Early life & Music
Victor Ratnayake was born and grew up in a small village near Kadugannawa. The hills, streams, forests, and paddy fields of his childhood have left a lasting impression on Victor and his music. Victor becomes whimsical when he recalls this cherished childhood: “We can enter the gates of our childhood only through words of a lyric. We can touch and feel that era through a melodious tune. I grew up in rural Kadugannawa where “weli bath” (sand pies) was not such a distant concept as it is to the present day youngsters.” He adds, “we had free time and most importantly the encouragement of our parents to explore the hills, to take a dip in the river, all of which have enriched our creativity and imagination”.
Having observed his musical talents, Victor’s father, Rathnayake Aarachchilage Don James (who sang “Noorthi Gee” as a pastime), presented him with a harmonium on his ninth birthday. In his teens, Victor studied singing and various instruments under Cyril Perera at the M.G.P. Institute in Mulgampola, Kandy. In 1963, he began attending Heywood (now known as the Institute of Aesthetic Studies) where he mastered the violin in addition to receiving voice training.
Early on, Victor noticed a void between classical and popular songs. While H. R. Jothipala and Milton Perera, who sang popular music mainly to Hindi tunes were popular, classical artistes such as Amaradeva and P.V. Nandasiri had fewer listeners. Ananda Samarakoon and Sunil Shantha, who sang folk music, also did not have many followers. Determined to fill this gap between popular and classical music in Sri Lanka, Victor created his inimitable style, a blend of both Western and Eastern music, with heartwarmingly simple lyrics and music to match. In fact, he has composed the music for about 80% of his songs.
In 1966, Victor joined the Ministry of Education as a music teacher and was assigned to Eththalapitiya Maha Vidyalaya in Bandarawela. He recalled life among the salubrious hills in “Sihil Sulang Ralle”, one of his first hits. Another early hit was “Soka senasum wedana”. After more than 40 years, these songs are still in demand today.
By 1973, Victor noted the absence of one-man concerts in the Sri Lankan music scene. The closest was “Shravanaradhana”, a joint concert by Amaradeva and Nanda Malini. Chintana Jayasena and Bandara K. Wijetunga, Victor decided to stage one.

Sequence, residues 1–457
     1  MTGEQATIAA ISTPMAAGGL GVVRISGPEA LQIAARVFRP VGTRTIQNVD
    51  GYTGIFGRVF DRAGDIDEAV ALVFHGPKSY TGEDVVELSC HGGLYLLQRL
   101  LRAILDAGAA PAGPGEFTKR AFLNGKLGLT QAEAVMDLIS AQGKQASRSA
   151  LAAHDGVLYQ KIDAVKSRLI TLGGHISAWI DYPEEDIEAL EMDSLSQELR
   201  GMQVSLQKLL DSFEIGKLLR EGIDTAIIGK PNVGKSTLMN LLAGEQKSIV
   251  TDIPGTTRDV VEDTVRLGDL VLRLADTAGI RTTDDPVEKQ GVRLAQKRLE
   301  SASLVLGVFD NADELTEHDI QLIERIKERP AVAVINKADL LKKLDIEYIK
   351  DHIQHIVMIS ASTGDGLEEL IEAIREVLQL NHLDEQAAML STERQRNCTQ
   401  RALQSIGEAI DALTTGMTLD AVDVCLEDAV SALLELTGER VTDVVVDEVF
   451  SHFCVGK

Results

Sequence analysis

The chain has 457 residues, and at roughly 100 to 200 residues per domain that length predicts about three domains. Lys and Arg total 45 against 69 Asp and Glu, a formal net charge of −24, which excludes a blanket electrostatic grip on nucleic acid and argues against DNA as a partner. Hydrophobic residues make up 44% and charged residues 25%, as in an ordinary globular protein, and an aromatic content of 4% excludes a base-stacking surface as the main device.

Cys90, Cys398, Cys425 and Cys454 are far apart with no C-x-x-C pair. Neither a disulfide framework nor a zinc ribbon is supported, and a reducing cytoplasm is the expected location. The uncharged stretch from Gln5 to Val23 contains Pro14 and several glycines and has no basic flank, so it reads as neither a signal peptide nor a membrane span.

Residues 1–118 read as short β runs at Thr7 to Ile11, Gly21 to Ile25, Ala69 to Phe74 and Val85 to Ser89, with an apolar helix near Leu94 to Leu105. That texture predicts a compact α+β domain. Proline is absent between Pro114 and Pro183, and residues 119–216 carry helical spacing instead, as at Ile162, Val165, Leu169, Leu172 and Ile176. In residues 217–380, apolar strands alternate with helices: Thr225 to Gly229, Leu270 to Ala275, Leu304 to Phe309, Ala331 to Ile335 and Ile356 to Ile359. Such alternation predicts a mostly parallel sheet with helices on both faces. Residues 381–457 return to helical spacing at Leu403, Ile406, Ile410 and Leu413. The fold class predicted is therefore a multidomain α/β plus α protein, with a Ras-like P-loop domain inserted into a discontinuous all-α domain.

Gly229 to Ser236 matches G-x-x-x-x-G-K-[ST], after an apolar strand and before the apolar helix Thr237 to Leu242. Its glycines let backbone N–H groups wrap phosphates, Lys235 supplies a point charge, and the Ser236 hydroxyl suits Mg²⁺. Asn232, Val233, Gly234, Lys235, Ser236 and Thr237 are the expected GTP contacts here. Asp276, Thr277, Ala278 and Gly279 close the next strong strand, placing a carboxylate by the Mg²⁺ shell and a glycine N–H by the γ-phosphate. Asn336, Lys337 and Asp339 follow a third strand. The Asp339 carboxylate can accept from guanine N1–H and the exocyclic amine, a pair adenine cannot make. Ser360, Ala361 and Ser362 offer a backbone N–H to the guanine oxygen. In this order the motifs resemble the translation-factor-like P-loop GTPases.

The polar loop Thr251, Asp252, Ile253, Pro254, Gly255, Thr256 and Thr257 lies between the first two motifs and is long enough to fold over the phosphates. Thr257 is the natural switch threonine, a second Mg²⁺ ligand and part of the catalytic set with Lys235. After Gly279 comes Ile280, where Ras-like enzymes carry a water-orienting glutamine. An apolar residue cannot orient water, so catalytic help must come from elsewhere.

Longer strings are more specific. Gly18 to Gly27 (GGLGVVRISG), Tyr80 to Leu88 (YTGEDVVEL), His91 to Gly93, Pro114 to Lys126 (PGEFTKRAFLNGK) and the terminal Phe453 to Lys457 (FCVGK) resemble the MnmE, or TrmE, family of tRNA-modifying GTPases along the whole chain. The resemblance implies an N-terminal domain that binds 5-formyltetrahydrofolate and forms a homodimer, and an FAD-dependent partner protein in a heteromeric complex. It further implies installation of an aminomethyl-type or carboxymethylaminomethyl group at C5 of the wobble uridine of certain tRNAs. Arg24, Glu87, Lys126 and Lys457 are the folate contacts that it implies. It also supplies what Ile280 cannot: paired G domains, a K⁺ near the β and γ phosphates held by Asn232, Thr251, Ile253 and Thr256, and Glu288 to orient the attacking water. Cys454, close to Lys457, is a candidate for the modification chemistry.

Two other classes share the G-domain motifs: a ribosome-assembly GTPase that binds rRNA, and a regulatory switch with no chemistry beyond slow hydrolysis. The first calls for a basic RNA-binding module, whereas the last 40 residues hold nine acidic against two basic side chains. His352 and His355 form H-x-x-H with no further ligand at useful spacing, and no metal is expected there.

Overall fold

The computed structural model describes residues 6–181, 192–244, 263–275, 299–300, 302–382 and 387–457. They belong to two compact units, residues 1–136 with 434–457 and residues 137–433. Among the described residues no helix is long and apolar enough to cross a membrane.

The maiden “Sa” concert was held on July 20, 1973, at the Lumbini Theatre, Havelock Town.The fans who had broken down doors to enter the theatre became absolutely silent when the concert began, enthralled by the music and the musician. The first “Sa” concert is widely considered a turning point in Sri Lankan music. To date, “Sa” has been performed about 1,500 times in Sri Lanka and abroad.
Marriage & Family
When he first met Chitra Rathnalatha, Victor was 14 years old. She was only 10. A romance which blossomed through letters ended in marriage in 1966. True to Victor’s simple, unostentatious lifestyle, their marriage was without the usual invitations, poruwa ceremony, Jayamangala Gatha, bouquests of flowers, or gifts. There wasn’t even a wedding photograph.
Victor and Chitra began life on his monthly salary of Rs. 200/ living in rented homes. The four children-Jayantha, Chandani, Manjula, and Lelum-came in quick succession. Victor says that Chitra was took care of the household and children, alowing him to devote all his time to music. She was a tower of strength, sharing life’s ups and downs and supporting him all the way.
Sadly, Chitra passed away a few years ago.
Philosphy and Lifestyle
According to Victor, no other song conveys the enjoyment of a love song. He derives the most enjoyment and satisfaction from singing because he creates multiple thoughts and mental images as he sings. Victor says that he sings from the depth of his heart, absorbing each song’s sweetness to the utmost. This sweetness is beyond comparsion and has no match.
Victor says that language is no barrier to enjoying good music. “Music is the universal language and what is important is to identify the cultural ideologies of one’s land of birth. The test of a successful piece of music or song is when people will embrace it like a parent, a sibling, or a friend. If an artiste does not appeal to the pulse of the nation, he or she becomes a foreigner in his own land, as Jawaharlal Nehru once said”. Victor adds that “in any form of art, subtlety is vital. An artiste should not forcefully impose his work on the listener or viewer. Even delicate issues such as sensuality and human passion can be discussed with subtle beauty”.
Victor leads a simple, minimalist lifestyle. He is close his children and a grandchildren. He is a teetotaler and a near vegetarian.